This publication will answer the following questions: • What should your water be tested for? • What samples do I need? • Where can I have my water tested? • How do I interpret my results? • How do I correct my problem?
This is your reference copy of the 2015 edition of the North Dakota Insect Management Guide. The recommendations conform to the current federal and state laws and regulations relating to pesticidal chemicals at the time of printing. However, because pesticide recommendations frequently are subject to change, and inasmuch as this publication is revised only once each year, keeping in contact with North Dakota State University for up-to-date information on possible changes in insecticide registrations and use patterns is extremely important.
Sports drinks, such as Gatorade, Powerade and All Sport, contain carbohydrates and electrolytes, such as sodium, potassium and chloride. They are made for physical activity, to help rehydrate and to keep energy levels high. Are sports drinks really necessary? Not always. You can get these same benefits from other sources. A sports drink is not better for you unless you are active for 60 to 90 minutes or are exercising in very hot conditions. Anything less, and water should be the drink of choice.
People often substitute energy drinks for healthier beverage choices, so compare the Nutrition Facts labels. Energy drinks provide few if any of the needed vitamins and minerals provided by healthier beverage choices. Plain water is a better choice for most individuals.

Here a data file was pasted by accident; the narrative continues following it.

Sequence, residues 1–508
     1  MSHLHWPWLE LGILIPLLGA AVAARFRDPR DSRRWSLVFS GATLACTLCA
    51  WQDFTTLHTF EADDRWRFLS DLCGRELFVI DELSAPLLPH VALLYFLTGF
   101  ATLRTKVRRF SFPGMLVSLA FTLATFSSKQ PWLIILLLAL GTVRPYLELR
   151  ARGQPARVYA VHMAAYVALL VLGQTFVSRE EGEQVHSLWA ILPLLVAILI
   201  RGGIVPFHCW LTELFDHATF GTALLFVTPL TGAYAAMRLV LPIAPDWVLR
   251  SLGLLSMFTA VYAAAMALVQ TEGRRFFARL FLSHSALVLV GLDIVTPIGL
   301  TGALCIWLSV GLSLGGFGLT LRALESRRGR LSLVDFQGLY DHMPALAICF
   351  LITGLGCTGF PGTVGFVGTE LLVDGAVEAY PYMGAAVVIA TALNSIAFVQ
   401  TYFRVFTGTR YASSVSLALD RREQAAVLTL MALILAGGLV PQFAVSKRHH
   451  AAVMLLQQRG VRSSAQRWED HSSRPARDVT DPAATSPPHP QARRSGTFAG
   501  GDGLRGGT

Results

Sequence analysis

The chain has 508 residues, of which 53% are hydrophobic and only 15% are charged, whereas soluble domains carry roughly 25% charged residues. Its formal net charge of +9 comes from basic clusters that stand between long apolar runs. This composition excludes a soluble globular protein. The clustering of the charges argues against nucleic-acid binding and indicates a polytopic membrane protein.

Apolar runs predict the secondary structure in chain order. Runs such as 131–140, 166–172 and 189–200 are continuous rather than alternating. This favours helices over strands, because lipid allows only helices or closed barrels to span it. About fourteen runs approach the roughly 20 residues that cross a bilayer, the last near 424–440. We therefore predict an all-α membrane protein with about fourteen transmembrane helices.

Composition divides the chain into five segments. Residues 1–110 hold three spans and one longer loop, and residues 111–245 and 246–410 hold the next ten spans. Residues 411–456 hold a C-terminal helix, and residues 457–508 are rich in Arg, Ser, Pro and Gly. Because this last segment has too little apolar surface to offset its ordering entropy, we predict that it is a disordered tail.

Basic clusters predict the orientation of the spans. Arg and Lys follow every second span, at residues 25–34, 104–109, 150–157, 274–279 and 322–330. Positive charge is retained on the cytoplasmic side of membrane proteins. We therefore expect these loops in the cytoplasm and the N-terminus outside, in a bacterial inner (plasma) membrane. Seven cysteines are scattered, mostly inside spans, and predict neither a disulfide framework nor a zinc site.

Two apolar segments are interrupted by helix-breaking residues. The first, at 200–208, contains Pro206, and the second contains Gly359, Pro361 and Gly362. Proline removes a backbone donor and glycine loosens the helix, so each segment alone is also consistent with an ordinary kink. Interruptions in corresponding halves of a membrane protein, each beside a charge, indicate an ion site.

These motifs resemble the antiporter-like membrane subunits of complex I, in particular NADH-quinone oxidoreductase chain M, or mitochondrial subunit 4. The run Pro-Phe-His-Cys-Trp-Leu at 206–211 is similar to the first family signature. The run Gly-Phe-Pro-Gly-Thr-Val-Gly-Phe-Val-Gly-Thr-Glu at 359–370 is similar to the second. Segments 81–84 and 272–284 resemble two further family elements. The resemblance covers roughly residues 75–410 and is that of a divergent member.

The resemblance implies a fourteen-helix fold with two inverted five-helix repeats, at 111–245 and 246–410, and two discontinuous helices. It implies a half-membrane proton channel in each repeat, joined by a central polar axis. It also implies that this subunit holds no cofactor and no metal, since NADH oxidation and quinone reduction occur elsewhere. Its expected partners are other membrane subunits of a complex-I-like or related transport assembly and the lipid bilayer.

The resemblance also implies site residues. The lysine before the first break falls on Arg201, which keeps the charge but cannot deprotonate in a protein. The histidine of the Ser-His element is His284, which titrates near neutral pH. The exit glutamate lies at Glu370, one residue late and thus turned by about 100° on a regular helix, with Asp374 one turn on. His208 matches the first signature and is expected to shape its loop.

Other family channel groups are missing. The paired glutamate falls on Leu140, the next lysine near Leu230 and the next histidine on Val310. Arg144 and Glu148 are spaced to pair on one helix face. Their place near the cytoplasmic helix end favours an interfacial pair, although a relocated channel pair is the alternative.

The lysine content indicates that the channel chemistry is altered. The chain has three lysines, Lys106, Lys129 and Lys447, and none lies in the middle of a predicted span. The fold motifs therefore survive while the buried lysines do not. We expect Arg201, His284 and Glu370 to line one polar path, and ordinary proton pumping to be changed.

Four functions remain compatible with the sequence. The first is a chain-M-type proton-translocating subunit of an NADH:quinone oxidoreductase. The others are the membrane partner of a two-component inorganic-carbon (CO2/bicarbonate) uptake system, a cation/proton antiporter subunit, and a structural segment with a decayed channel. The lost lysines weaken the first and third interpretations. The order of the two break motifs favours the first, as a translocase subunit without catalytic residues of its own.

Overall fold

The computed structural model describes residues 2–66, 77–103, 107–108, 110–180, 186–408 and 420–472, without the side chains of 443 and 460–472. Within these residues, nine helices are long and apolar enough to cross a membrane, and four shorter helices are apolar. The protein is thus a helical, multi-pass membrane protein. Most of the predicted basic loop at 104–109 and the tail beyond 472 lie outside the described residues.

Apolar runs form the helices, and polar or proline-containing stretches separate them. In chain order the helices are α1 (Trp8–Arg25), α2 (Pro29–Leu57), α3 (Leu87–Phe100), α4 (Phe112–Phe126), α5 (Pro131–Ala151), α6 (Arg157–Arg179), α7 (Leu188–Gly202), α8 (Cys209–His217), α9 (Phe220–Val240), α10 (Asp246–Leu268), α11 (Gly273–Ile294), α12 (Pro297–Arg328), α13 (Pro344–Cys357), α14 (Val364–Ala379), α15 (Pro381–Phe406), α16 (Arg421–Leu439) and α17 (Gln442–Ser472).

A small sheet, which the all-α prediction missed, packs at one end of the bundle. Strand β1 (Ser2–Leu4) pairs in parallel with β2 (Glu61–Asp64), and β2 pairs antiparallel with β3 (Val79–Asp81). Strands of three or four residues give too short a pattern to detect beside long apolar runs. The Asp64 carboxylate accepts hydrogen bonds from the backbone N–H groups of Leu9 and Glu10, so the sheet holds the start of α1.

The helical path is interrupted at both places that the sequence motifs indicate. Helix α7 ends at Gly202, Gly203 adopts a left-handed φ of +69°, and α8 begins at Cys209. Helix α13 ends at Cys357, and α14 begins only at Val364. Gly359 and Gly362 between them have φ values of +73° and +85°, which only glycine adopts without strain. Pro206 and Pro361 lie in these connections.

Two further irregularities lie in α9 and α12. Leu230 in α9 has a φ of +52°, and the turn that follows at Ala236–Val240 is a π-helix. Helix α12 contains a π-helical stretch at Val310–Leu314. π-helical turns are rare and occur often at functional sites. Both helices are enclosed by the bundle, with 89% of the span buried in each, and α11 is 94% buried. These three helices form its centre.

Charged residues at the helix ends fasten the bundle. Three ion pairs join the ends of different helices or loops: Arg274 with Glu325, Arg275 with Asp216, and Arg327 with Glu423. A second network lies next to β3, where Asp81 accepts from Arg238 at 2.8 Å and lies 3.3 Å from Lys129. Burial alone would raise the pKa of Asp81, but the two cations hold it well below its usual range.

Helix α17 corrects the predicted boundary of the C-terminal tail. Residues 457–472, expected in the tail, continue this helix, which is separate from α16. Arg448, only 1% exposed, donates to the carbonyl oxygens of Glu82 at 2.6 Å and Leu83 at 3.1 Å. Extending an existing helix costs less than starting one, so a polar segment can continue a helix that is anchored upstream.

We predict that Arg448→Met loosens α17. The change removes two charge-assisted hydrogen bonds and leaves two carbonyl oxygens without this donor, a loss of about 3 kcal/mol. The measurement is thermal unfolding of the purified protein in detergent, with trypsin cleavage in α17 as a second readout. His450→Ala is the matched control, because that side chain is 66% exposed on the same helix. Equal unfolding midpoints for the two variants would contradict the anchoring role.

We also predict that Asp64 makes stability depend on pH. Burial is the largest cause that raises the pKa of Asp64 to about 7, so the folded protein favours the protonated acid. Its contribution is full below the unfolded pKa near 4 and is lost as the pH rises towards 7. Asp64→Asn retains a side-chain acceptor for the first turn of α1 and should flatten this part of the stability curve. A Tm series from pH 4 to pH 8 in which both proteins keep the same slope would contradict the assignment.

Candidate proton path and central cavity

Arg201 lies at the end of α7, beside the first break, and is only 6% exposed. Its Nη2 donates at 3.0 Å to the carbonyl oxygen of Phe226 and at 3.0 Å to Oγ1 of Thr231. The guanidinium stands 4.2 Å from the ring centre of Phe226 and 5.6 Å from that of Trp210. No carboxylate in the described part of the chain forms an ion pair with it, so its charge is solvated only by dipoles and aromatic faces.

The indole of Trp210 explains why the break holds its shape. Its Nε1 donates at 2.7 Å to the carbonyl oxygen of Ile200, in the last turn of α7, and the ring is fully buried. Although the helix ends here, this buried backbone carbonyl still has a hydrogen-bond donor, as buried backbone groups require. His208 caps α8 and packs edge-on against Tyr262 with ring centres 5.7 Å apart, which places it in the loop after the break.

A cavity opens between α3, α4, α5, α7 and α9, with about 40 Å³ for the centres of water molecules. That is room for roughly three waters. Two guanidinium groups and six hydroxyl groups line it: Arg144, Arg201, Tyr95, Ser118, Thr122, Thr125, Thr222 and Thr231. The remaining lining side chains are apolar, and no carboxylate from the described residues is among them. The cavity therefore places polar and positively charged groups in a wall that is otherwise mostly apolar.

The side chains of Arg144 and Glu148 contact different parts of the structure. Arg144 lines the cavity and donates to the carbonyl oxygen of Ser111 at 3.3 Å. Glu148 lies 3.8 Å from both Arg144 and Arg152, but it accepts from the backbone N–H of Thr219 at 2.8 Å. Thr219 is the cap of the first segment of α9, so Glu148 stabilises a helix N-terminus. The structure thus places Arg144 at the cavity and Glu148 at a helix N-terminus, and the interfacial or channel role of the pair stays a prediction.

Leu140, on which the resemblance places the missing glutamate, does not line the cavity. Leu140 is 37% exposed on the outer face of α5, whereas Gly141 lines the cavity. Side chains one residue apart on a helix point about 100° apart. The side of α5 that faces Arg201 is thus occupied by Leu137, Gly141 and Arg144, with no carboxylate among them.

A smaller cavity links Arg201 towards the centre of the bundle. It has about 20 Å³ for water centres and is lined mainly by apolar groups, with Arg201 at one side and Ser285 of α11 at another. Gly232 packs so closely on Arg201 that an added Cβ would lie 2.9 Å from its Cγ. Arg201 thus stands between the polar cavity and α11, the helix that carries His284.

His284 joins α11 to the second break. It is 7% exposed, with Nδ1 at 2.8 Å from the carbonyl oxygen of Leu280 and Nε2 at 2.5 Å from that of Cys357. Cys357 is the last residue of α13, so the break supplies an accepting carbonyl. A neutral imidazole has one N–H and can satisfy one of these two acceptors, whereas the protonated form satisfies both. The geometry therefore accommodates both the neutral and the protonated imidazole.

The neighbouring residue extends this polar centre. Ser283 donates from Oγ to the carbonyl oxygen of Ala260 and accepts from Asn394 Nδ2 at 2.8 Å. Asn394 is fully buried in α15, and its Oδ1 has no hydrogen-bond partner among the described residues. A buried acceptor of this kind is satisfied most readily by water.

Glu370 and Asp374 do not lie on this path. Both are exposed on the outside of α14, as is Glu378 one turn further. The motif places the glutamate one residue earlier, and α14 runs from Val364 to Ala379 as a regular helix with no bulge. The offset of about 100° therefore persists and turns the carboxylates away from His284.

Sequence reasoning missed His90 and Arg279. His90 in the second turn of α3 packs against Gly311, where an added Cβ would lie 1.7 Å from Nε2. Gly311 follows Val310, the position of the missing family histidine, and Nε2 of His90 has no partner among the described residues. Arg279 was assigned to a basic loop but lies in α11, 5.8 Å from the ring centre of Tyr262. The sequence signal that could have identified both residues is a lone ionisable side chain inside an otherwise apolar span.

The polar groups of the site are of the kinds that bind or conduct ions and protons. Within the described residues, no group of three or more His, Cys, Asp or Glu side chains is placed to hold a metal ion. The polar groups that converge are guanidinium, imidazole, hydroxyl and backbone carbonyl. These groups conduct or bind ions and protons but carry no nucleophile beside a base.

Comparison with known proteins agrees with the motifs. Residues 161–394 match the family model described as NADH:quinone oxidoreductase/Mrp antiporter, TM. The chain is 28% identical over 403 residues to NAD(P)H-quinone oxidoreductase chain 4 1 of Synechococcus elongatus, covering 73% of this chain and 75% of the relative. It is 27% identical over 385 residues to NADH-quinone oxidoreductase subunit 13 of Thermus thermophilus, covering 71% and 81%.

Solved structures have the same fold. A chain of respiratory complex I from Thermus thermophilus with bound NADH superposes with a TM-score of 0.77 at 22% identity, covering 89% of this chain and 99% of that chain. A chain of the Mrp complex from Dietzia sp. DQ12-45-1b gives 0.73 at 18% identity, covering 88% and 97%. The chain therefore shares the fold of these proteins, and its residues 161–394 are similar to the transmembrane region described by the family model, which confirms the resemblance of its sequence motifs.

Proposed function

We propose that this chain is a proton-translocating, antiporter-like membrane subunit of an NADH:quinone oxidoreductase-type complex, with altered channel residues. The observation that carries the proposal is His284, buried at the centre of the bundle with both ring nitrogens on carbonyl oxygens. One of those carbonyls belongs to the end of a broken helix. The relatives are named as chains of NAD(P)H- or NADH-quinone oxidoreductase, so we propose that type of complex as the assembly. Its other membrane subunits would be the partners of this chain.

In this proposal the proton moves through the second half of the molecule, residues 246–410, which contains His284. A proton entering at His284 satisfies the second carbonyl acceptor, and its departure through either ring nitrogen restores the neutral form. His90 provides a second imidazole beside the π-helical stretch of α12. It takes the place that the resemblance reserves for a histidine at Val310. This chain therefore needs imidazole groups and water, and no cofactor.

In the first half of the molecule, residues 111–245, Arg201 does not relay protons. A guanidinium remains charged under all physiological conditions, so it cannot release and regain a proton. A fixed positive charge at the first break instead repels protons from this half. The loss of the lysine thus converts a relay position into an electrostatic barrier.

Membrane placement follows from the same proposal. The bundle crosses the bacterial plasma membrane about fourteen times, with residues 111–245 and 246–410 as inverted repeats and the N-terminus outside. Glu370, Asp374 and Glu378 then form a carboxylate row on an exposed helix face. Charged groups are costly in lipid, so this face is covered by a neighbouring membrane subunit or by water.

Winter wheat fertilization recommendations in North Dakota previously were similar to spring wheat and durum. As a larger research base was developed for spring wheat and durum, separating the winter wheat from other wheats became necessary due to their unique nutrient requirements.
The historic floods of 2011 caused millions of dollars in damage and imposed great hardship on those affected. Low-lying areas along the Missouri and Souris rivers sustained unprecedented damage. The floods negatively impacted the trees and forests in these areas as well. Although the challenges posed by natural disasters can be quite variable, some common components must be accounted for in green infrastructure when such events occur. These include ensuring public safety; assessing damage; removing, disposing of and using wood waste; interagency coordination; and replanting efforts.